Saturday, January 3, 2015

Yet Another Influence on Objective Knowledge, Dating 1981 - 2002.

Suggestions of the outline of categorical deduction in the work of Paul Ricoeur (phenomenologist, critic of phenomenology): (1) "The idea of foundation is rather that which secures the equivalence and convergence of the ways (logical, Cartesian, psychological, historico-teleological, etc.)" (Part I, section 1, parentheses his) (Phen. Reader, p. 580). (2) "Thus elucidation... requries that meaning be submitted to a genuine form of work" (Part II, section 2) (Phen. Reader p. 594). However, he describes this as "less contingent" not more, and not involving vast contingencies. (3) Ricoeur quotes Husserl about "sustaining a universal" and then goes on to talk about how "this interpretive core assures the 'representative' commonality of the two intended meanings." (Part II. sec. 2) (Phen. Reader, p. 595) Surely he isn't talking about categorical deduction? But he later explains that what he means is the "transition from one apprehension to the other" --- a process similar to an analog computer. (4). Finally, Ricoeur says: "Hence the fixed meanings and the contents of stable expressions must be substituted for fluctuating meanings and subjective expressions. The task is dictated by the ideal of univocity and governed by the axiom of the unbounded range of objective reason" (italics his) (Part II, section 2) (Phen. Reader, p. 596). Had Ricoeur discovered objective reason himself? Apparently not! He goes on to explain that what he is describing is the 'inversion of the theory of intuition into the theory of interpretation" (same page). Whatever the case, Ricoeur was certainly very close to discovering the same theory that I discovered. Perhaps he even considered it to be trivial. But he does not talk about it directly, only using references to it as a critical faculty upon another text.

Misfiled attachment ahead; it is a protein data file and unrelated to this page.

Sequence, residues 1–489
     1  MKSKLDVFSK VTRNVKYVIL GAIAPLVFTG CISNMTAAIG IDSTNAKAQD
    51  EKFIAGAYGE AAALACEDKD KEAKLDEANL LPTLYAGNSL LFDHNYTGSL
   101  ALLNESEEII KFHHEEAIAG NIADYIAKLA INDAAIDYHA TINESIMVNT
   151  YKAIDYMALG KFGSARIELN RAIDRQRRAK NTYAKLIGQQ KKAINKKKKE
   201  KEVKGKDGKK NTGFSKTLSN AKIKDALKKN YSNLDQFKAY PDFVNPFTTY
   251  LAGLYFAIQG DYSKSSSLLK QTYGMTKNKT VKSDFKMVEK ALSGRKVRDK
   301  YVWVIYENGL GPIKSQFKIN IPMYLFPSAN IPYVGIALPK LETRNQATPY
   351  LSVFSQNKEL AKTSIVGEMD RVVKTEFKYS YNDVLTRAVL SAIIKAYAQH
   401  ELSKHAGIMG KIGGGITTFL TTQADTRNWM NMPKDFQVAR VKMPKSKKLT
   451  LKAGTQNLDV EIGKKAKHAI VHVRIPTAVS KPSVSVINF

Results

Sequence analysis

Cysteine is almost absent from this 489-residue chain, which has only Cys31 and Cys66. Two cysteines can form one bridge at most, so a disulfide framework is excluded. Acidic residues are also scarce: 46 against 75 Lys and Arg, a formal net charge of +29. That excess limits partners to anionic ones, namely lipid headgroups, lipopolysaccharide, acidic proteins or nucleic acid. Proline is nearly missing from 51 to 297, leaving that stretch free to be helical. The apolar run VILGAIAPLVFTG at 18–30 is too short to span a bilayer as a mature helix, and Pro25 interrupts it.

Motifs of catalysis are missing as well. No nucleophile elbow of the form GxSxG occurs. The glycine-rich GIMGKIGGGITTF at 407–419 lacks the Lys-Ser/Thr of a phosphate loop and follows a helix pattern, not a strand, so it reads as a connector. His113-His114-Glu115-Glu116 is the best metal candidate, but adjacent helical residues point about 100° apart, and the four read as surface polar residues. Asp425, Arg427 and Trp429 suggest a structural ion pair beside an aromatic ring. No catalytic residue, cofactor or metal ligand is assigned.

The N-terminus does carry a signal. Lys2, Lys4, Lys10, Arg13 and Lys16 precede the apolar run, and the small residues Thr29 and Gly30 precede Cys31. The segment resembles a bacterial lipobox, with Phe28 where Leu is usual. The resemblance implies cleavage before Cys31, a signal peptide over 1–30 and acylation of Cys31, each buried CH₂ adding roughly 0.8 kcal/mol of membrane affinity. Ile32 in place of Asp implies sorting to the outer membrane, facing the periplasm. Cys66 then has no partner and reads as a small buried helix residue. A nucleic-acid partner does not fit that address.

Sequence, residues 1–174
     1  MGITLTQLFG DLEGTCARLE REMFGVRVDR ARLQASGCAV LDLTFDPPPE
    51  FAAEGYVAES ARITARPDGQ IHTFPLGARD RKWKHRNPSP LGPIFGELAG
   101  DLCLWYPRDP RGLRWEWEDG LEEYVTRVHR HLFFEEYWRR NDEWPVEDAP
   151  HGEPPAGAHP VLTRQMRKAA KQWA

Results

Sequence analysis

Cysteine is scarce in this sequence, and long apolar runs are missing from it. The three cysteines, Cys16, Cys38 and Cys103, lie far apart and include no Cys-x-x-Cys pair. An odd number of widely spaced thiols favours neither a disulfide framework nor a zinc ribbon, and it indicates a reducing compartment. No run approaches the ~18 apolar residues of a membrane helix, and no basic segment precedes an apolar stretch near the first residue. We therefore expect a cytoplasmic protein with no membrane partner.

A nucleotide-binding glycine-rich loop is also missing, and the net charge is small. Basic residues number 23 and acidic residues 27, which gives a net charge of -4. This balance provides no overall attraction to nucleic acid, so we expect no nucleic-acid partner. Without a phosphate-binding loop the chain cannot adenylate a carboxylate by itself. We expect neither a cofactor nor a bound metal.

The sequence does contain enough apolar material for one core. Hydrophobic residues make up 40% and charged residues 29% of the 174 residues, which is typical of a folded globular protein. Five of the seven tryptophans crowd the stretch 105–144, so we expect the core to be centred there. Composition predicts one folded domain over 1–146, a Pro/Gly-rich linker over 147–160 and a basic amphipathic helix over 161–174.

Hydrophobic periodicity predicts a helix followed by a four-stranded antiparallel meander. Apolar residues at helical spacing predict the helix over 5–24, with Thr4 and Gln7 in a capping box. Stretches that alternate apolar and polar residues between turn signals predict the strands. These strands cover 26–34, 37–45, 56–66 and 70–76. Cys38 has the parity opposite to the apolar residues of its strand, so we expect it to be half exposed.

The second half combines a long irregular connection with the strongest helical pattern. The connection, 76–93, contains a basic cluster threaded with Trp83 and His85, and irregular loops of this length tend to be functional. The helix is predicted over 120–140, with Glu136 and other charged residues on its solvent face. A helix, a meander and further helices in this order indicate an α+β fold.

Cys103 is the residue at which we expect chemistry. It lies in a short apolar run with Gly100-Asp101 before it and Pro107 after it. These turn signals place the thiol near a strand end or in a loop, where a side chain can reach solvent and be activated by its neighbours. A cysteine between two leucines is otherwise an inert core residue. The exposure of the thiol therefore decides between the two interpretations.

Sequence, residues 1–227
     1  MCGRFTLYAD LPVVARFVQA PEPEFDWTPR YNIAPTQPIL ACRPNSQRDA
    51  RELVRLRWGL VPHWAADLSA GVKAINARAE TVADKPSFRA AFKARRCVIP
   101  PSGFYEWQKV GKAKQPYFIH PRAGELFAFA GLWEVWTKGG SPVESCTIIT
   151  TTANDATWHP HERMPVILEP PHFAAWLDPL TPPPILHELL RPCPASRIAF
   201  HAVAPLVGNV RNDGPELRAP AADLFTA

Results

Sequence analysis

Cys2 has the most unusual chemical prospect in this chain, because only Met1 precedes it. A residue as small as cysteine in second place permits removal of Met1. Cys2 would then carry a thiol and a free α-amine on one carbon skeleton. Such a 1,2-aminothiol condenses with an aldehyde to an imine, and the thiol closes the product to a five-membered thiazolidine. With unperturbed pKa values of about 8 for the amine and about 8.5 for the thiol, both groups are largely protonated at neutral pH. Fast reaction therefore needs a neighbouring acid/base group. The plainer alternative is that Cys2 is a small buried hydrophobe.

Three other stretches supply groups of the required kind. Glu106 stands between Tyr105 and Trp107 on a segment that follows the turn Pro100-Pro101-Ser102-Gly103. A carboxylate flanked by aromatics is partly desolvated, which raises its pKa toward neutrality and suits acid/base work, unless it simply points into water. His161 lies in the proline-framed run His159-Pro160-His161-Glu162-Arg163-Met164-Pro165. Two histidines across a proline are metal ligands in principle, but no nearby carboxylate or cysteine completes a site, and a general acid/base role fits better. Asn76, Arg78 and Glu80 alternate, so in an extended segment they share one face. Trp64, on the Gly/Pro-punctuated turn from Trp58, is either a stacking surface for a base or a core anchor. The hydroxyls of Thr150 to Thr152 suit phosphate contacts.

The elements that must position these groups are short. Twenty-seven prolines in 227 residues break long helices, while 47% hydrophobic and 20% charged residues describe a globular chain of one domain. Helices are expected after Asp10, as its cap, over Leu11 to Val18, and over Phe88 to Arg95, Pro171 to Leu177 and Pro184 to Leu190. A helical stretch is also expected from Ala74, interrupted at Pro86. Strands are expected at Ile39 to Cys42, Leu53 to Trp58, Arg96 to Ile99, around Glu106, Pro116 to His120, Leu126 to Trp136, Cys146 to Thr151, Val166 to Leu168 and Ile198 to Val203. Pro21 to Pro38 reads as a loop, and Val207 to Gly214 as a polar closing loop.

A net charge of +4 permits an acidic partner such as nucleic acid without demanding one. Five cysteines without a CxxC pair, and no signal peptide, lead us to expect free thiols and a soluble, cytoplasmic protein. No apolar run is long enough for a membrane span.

Quotes by Ricoeur taken from his work Hermeneutics and the Human Sciences, John B. Thompson, trans. as quoted in The Phenomenology Reader. Dermot Moran and Timothy Mooney, eds. New York: Routledge, 2002.

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